Row 7: Ch 1, 100 SC, join with SS (100)

Row 8: Ch 6 (counts as first TTR), 99TTR, join with SS (100)

Row 9: Switch to 6.5mm/K hook. Ch 1, 100 dSC, join with SS (100)

Row 10: Ch 1, 100 SC, join with SS (100)

Row 11-12: Repeat Row 10

Finish off and weave in ends.

Full Chinese Lantern CowlChinese Lantern Cowl 2Cowl Closeup

Free Pattern: Hooked Holla Infinity Scarf

Hooked Holla CloseupTo celebrate both the end of NATCROMO (National Crochet Month) and Knit and Crochet Blog Week, I am posting my long worked on and much more difficult than I thought it would be Hooked Holla Infinity Scarf. Inspired by the knit Challah Infinity Scarf, this pattern was a lot of fun and very challenging to create. I think the results are stunning, so expect a few more variations in the future.

Hooked Holla Infinity Scarf Pattern:

Hooked Holla Infinity ScarfYou will be making two ribbed strands and one textured strand, then braiding them together, sewing together the ends and sewing together the strands in two additional places to keep the braid even.

Materials:

500 yards worsted weight yarn (I used 3 skeins of Stitch Nation’s Bamboo Ewe, 2 in Mermaid and 1 in Beach Glass). You can use one, two, or three colors, your choice.

J (6.0mm) Crochet Hook

Tapestry Needle

Abbreviations (US terms):

Hooked Holla Braid Closeup

SS (Slip Stitch)

SC (Single Crochet)

HDC (Half Double Crochet)

DC (Double Crochet)

FSC (Foundation Single Crochet)

FHDC (Foundation Half Double Crochet)

FO (Finish Off)

FPdc (Front Post Double Crochet)

FPhdtc (Front Post Half Double Triple Crochet): YO 3x, insert hook through front post of stitch, (YO, pull up a loop, YO, pull through 2 loops) 2x, YO, pull up a loop, YO, pull through all loops on hook.

FFLO (Front Front Loops Only): when you look at the top of the HDC, instead of the usual 2 loops, you see 3. You will only be working in the the loop closest to you, the front front loop.

Ribbed Strands (make 2):

You have two options for the ribbed strands, either with or without the reversible post stitches to create segments in the scarf. While it was a fun and challenging stitch for me to come up with, I could take it or leave it in the final scarf, so I give you the choice. If you are a beginner, go with Option 2, it’s a lot easier.

Option 1 (with reversible post):

The reversible post is created using front post stitches on each row, hooking into the post stitch and continuing from the row below, then ending with a back-front post stitch, and a finishing row of slip stitches.

Special Stitch, Back-Front Post stitch (B-FPhdtc): Yo, insert hook through post of back post stitch, YO, pull up a loop, YO, pull through 2 loops, YO 3x, insert hook through post of front post stitch, (YO, pull up a loop, YO, pull through 2 loops) 2x, YO, pull through all loops on hook.

Row 1: Ch 2, 225 FHDC

Front Front Loops Only

Front Front Loops Only

FFLO view 2FFLO view 3

Row 2: Ch 2, (40 HDC in FFLO, 2 FPdc, SC, 2 FPdc) 5x

Row 3: Turn, Ch 2, (2 FPhdtc, SC, 2 FPhdtc, 40 HDC in FFLO) 5x

Row 4: Turn, Ch 2, (40 HDC in FFLO, 2 FPhdtc, SC, 2 FPhdtc) 5x

Row 5: Repeat Row 3

Row 6: Repeat Row 4

Fow 7: Turn, Ch 2, (2 B-FPhdtc, SC, 2 B-FPhdtc, 40 HDC in FFLO) 5x

Row 8: Turn, Working in FFLO, SS across

FO leaving a long tail to later sew the ends of the scarf together.

Option 2 (no reversible post):

Row 1: Ch 2, 225 FHDC

Row 2: Turn, Ch 2, Working in FFLO, HDC across

Row 3 – 7: repeat Row 2

Row 8: Working in FFLO, Slip Stitch across

FO leaving a long tail to later sew the ends of the scarf together.

Textured Strand (make 1):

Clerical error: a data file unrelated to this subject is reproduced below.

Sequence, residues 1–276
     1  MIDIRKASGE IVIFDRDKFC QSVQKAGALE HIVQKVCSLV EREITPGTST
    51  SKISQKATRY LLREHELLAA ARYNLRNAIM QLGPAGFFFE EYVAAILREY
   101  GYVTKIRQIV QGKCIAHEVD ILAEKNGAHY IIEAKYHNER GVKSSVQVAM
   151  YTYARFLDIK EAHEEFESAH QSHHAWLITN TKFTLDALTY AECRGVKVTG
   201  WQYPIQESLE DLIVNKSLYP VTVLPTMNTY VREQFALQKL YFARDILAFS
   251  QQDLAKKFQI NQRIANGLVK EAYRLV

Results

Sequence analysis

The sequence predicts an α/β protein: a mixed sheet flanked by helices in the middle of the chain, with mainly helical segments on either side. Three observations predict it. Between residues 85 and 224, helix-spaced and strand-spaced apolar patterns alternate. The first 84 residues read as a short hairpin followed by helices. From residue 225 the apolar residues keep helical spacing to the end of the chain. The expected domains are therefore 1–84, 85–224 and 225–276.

This uses kind of a Griddle stitch and Bead stitch variation. Since this strand is not as dense as the Ribbed Strands, I found using less stitches produced the correct length.

Row 1: Ch 2, 166 FSC

Row 2: Turn, Ch 1, (SC, DC, SC, TC) repeat across, its 52x

Row 3: repeat Row 2

Row 4: Turn, Ch 1, (SC, TC, SC, DC) repeat across.

Row 5: repeat Row 4

Row 6: repeat Row 2

Row 7: Turn, Ch 1, SC across (166 SC)

FO leaving a long tail to later sew the ends of the scarf together.

Assembly:

Braid the Scarf

Braid the three strands

Lay all three strands flat.

Braid them together.

Sew the ends together to turn this into an infinity scarf.

At thirds, sew the scarf at two additional points to keep your braid even.

Done!

Hooked Holla Infinity

Hooked Holla Infinity Scarf Almost Done!

So I have not been ignoring my crocheting, but there has been a lot going on. Last week I ended my old job and this week I started a great new one. At the same time, I’ve been working on some new designs and in some cases, they’ve been taking a lot longer to work out than expected.

I just finished the crochet for the Hooked Holla Infinity Scarf and I am super excited to be in the home stretch of assembly. I am still hoping to have the pattern posted by the end of the month, probably this weekend.

I’ve been mulling the design of this scarf over in my head for a while now. I loved the Challah Infinity Scarf since I first came across the pattern on Ravelry, but alas, it is a knit pattern and I don’t do that. While I was tempted to purchase the knit pattern to see if I could just make a crocheted translation, the $7 price tag got me to get creative instead.

I was very inspired by the Challah Infinity Scarf and decided to make the Hooked Holla Infinity Scarf. Since it is a little knockoffy I chose to keep the pattern free, even after extensive reworking. It’s two ribbed strands with reversible post stitches between segments and one textured strand made of a griddle stitch variation. I worked the textured strand so many times I lost count. It was a long time before I was happy with the way the texture looked and worked with the ribbed strands. So after you make these three strands, you braid them together and sew the ends together to make it continuous. That’s the part I’m about to do (with fingers crossed).

After a lot of work and reworking, I hope this becomes the amazing scarf I know the Hooked Holla was meant to be.